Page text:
This article on Polygon does a great job giving a brief overview of why lag (network latency) is an issue in game design and the basic strategies to work around it.
Lag compensation is how the server tries to guess what you were seeing on your computer when you pressed a button on your controller. When your computer tells the server you fired your gun in Battlefield 4, the server rewinds time a little bit so it can guess what you were looking at when you clicked your mouse. If you were aiming at an enemy on your screen, it awards you a hit, even if you were aiming at the wrong place according to the server or your opponent’s computer.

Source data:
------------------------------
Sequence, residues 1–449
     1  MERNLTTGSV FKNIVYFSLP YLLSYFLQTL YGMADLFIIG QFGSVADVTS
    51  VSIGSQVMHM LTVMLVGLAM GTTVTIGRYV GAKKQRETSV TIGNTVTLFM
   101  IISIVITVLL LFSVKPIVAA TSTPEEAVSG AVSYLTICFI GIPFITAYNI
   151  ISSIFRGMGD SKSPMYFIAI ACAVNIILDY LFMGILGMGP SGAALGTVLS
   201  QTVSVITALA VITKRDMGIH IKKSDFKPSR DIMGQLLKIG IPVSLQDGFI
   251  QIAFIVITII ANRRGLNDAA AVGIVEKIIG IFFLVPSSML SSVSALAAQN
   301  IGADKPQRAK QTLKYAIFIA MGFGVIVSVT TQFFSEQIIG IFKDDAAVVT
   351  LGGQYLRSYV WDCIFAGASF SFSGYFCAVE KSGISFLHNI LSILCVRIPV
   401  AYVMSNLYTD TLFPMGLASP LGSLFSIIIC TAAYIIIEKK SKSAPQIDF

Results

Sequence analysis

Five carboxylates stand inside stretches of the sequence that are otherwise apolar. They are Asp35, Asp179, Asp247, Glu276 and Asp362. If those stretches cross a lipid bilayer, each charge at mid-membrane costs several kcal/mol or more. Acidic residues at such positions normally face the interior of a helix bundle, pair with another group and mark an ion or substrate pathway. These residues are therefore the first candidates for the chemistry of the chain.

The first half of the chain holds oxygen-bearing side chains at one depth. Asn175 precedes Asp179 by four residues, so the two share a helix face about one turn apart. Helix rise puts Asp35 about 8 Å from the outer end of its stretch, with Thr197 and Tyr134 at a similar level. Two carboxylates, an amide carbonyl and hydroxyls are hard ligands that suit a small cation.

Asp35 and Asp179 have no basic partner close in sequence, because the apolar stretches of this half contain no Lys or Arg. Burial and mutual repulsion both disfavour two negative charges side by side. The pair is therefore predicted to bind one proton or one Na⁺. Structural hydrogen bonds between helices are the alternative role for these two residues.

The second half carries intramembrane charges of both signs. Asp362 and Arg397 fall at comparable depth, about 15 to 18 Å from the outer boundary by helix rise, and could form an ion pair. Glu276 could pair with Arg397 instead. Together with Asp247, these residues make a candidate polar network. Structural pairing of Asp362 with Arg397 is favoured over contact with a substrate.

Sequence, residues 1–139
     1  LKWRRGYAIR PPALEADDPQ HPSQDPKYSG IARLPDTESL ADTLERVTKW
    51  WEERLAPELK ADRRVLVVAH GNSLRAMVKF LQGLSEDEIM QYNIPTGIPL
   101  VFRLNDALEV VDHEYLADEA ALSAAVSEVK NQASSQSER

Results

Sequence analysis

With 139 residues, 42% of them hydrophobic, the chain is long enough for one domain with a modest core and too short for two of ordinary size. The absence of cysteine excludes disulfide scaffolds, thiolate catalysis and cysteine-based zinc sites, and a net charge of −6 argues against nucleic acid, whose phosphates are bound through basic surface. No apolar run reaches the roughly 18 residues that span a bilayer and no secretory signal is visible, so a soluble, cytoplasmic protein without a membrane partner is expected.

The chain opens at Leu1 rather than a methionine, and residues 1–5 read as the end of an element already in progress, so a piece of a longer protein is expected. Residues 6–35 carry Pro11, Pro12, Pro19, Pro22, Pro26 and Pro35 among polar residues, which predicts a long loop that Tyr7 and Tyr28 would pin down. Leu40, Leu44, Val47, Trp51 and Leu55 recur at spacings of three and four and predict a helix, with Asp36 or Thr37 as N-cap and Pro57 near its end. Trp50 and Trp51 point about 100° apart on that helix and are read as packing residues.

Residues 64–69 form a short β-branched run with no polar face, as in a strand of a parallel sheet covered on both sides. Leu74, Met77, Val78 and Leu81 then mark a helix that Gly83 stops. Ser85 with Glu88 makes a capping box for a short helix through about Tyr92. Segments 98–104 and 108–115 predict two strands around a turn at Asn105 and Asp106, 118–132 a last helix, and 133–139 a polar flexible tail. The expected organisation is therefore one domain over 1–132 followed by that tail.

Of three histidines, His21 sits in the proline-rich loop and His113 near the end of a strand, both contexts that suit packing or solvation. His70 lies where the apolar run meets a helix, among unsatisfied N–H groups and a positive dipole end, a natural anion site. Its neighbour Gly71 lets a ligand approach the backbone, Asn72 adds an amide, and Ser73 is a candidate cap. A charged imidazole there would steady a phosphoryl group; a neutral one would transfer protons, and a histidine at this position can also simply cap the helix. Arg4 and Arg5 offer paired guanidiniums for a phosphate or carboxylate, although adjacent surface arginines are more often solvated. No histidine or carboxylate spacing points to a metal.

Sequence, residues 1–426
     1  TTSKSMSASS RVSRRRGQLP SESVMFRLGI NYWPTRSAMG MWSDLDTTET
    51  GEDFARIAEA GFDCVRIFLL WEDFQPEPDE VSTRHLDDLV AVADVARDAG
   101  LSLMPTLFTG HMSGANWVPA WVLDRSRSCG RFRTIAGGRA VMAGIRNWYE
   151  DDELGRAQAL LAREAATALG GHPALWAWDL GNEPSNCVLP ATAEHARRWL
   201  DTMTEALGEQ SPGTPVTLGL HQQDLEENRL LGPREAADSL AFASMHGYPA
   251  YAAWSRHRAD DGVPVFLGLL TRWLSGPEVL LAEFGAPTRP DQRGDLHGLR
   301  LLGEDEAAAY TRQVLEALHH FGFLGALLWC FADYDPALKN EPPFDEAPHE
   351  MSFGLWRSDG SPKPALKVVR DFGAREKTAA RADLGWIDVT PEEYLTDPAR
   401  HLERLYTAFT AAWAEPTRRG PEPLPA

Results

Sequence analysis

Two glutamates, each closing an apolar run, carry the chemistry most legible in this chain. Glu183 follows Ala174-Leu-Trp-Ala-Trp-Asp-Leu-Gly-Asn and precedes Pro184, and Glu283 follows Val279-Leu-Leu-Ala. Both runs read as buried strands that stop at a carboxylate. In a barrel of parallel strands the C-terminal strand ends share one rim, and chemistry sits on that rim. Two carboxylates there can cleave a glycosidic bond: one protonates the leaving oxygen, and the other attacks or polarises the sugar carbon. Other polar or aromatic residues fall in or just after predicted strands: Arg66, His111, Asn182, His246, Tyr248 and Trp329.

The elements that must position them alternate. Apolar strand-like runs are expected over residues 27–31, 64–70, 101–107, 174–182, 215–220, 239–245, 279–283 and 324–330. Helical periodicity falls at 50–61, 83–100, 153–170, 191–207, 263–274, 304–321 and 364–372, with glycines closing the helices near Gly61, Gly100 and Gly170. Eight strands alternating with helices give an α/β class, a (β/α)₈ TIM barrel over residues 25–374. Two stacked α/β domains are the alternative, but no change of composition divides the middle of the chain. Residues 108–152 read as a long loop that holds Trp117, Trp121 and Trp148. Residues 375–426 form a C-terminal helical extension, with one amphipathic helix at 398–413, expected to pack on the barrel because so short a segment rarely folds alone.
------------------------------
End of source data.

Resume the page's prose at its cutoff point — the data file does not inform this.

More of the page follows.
Of course, nobody notices these discrepancies, because it’s really hard to see whether or not your enemy’s gun barrel is pointed at you or slightly to one side of you, especially when there’s simulated blood and screen shake and blurring all over the place. We just accept that we got shot, cry a little bit and move on. Lag compensation works really well in first-person shooters for this reason.